Sea Princess

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Sea Princess at Port of Burnie 20190315-001.jpg
History
Name:
  • Sea Princess (1998–2003)
  • Adonia (2003–2005)
  • Sea Princess (2005–present)
Owner:
Operator:
  • Princess Cruises (1998-2002)
  • P&O Cruises (2002-2005)
  • Princess Cruises (1998-2002)
Port of registry:
Builder: Fincantieri – Cantieri Navali Italiani S.p.A., Monfalcone, Italy
Yard number: 5998
Laid down: 1 December 1997
Launched: 26 January 1998
Identification:
Status: In service
Notes: [1]
General characteristics
Class and type: Sun-class cruise ship
Tonnage:
Length: 261 m (856 ft)
Beam: 32 m (105 ft)
Draught: 8.11 m (26.6 ft)
Decks: 14
Deck clearance: 9.290 m (30.48 ft)[clarification needed]
Installed power:
  • 4 × GMT Sulzer 16ZAV40S (4 × 11,520 kW)
  • 46,080 kW (combined)
Propulsion:
Speed: 22.4 knots (41.5 km/h; 25.8 mph)
Capacity: 2,000 passengers
Crew: 900
Notes: [1]

MS Sea Princess (formerly Adonia) is a Sun-class cruise ship operated by Princess Cruises. She has three sister ships: Sun Princess in the Princess fleet, Oceana (formerly Ocean Princess) in the P&O Cruises fleet, and Pacific Explorer (formerly Dawn Princess) in the P&O Cruises Australia fleet.

History[edit]

The vessel was delivered to Princess Cruises from Fincantieri and began operation in 1998 under the name of Sea Princess.

Sea Princess was transferred to P&O Cruises in late 2002/early 2003. P&O renamed her Adonia on 21 May 2003 (not to be confused with a different P&O vessel of a different class which was also given the Adonia name later in 2011). The Princess Royal and her daughter Zara Phillips renamed the vessel to Adonia at a launching ceremony with sister ship Oceana, in the first double ship naming ceremony ever in the UK.[2] Adonia filled the gap left in the P&O Cruises fleet in the period between Arcadia leaving the fleet to become Ocean Village and the launch of the new Arcadia in 2005, when the vessel was transferred back to Princess Cruises.

When Princess Cruises reacquired her in 2005, the vessel was once more named Sea Princess, in a ceremony by Joanna Lumley.[2]

As of 2019, the Sea Princess is homeported in Australia and will sail from new homeports in Fremantle and Adelaide for the 2020-2021 calendar season.[3]

Accidents and incidents[edit]

Norovirus outbreaks[edit]

At the end of May 2006, 250 people, including 18 crew, were affected by a norovirus. Evidence of a gastrointestinal virus had been found during the last two days of the previous cruise, but the company stated that it did not believe the two outbreaks to be linked. The passengers were notified of this occurrence by a letter found in their cabins after boarding. Although the ship's itinerary had been altered, and the vessel ordered to dock away from other vessels, no other countermeasures were effected. Sea Princess returned to port in Southampton a day early, and the vessel underwent a complete sanitisation and decontamination before resuming cruising. Passengers were offered a 30% refund and a £150 voucher for use on a later Princess cruise; some demanded a full refund. A norovirus outbreak occurred again on the following cruise, although to a lesser extent, and visible precautions included waiter service at the buffets and the absence of salt and pepper shakers. This cruise was also affected by force 11-12 winds in the vicinity of Ushant, causing the first scheduled port to be missed, while the remaining itinerary remained unaltered. The ship was undamaged, the nearby Legend of the Seas suffered broken windows, and Pride of Bilbao terminated her Spain-bound voyage in France due to storm damage. It is likely that the rough seas caused increased use of the handrails, contributing to the difficulty of eradicating norovirus.[4][5]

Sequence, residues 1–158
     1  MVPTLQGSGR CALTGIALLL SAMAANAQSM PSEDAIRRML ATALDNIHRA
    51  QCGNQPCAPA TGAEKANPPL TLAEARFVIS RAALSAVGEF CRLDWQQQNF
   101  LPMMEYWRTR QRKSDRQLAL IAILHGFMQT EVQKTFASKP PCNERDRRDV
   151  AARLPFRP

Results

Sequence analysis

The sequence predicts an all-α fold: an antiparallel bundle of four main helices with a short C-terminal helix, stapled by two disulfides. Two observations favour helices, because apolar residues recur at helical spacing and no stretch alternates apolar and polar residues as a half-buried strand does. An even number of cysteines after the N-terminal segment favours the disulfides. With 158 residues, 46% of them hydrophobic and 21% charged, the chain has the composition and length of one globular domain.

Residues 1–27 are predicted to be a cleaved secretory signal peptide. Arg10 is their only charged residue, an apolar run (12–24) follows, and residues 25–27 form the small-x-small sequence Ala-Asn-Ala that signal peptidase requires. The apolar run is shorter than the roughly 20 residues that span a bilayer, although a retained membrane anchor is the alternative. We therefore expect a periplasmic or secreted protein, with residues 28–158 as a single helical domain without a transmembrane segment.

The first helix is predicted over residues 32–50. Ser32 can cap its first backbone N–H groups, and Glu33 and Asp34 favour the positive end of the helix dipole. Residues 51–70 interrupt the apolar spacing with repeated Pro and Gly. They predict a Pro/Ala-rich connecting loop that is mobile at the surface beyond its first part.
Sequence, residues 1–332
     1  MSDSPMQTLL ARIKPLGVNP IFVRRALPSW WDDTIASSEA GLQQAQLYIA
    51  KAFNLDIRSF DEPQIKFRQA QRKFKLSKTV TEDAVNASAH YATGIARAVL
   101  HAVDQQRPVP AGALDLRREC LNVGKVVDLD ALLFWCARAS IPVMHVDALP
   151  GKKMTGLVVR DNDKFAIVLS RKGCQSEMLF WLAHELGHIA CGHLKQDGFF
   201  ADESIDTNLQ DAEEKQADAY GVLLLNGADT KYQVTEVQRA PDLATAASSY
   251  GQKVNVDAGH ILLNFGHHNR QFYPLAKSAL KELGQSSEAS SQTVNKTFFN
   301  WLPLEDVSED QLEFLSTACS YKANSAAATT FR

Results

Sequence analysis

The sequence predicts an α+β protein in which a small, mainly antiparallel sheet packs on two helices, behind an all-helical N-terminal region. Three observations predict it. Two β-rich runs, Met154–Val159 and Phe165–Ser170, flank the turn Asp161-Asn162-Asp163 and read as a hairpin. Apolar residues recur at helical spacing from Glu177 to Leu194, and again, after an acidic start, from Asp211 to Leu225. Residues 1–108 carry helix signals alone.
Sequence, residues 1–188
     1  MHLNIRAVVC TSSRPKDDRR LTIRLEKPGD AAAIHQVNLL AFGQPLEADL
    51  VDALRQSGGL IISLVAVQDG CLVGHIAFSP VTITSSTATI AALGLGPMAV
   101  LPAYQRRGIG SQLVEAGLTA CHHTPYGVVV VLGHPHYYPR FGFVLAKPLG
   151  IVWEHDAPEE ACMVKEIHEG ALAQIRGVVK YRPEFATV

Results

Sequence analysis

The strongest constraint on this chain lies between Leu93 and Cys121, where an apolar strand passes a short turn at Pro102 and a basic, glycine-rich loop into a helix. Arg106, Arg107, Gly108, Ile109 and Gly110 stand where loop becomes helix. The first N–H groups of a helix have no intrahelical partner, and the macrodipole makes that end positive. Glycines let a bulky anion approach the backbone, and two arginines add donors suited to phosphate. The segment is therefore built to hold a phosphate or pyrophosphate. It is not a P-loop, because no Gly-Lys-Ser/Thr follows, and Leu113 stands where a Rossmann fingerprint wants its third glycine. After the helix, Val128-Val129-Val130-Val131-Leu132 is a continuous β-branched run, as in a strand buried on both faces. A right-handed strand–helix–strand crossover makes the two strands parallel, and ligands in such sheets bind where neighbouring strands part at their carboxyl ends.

In January 2018, about 200 passengers were reported to have been infected with norovirus during a two-week round trip from Brisbane to New Zealand.[6][7]

Drug smuggling[edit]

On 28 August 2016, three Canadian nationals were arrested after Sea Princess berthed in Sydney Harbour. After the ship docked Australian Border Force officers along with drug sniffing dogs boarded the ship. During a search of the ship 95 kg (209 pounds) of cocaine was found packed in suitcases. The estimated value of the cocaine is $30 million AUD ($22 million USD). The maximum penalty for this offense is life in prison.[8] The three arrested were André Tamine (63), Isabelle Lagacé (28), and Melina Roberge (22), all from Canada.[9] They were arrested on day 51 of a 68 day cruise.

Gallery[edit]

References[edit]

  1. ^ a b "Sea Princess (IMO: 9150913)". VesselTracker. 1 October 2010. Retrieved 1 October 2010.
  2. ^ a b "Joanna Lumley names cruise ship". 27 May 2005 – via news.bbc.co.uk.
  3. ^ Tore, Iuliia (10 May 2019). "Princess Cruises Launches Largest Australia & New Zealand Deployment". Rus Tourism News. Retrieved 12 September 2019.
  4. ^ Will Pavia; Steve Bird (3 June 2006). "In sickness and in health ... but mainly sickness". The Times. Retrieved 3 July 2010.
  5. ^ "Disinfected virus ship sets sail". BBC News. 4 June 2006. Retrieved 3 October 2009.
  6. ^ Roe, Isobel (4 January 2018). "Sea Princess cruise gastro: Passengers tell of staff 'sanitising everything' after outbreak". ABC News. Australian Broadcasting Corporation. Retrieved 24 January 2018.
  7. ^ "Ship docks in Qld after gastro outbreak". SBS News. Special Broadcasting Service (source: Australian Associated Press). 4 January 2018. Retrieved 24 January 2018.
  8. ^ "Cruise ship raid nets 95kg cocaine and three arrests in Sydney". 28 August 2016. Retrieved 1 September 2016.
  9. ^ "Three Quebecers charged with smuggling $30M in cocaine on cruise ship in Australia | Toronto Star". thestar.com. Retrieved 1 September 2016.

External links[edit]